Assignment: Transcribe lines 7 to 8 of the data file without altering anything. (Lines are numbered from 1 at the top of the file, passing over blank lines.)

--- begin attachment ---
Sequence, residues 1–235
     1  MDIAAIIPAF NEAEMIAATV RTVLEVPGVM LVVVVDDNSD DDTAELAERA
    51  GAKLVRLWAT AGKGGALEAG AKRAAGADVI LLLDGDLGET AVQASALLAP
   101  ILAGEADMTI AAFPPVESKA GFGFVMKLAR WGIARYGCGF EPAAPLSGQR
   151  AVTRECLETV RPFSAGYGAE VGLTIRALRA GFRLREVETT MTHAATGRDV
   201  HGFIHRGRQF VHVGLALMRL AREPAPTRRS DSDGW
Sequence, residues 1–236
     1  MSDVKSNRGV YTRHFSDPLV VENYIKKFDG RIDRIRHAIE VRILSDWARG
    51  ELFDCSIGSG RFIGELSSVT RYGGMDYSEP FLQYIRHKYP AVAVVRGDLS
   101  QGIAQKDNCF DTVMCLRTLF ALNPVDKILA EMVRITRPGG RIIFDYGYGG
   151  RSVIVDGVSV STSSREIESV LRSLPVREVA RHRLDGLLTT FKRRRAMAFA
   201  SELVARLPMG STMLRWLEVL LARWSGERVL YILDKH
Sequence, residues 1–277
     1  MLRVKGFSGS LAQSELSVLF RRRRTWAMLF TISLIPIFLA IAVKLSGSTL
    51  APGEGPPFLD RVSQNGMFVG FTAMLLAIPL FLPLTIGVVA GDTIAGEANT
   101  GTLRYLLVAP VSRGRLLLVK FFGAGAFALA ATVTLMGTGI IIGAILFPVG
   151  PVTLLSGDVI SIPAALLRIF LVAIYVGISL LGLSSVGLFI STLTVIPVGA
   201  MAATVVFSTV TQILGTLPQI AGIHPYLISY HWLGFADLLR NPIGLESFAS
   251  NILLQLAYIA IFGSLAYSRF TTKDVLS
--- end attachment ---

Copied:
Sequence, residues 1–236
     1  MSDVKSNRGV YTRHFSDPLV VENYIKKFDG RIDRIRHAIE VRILSDWARG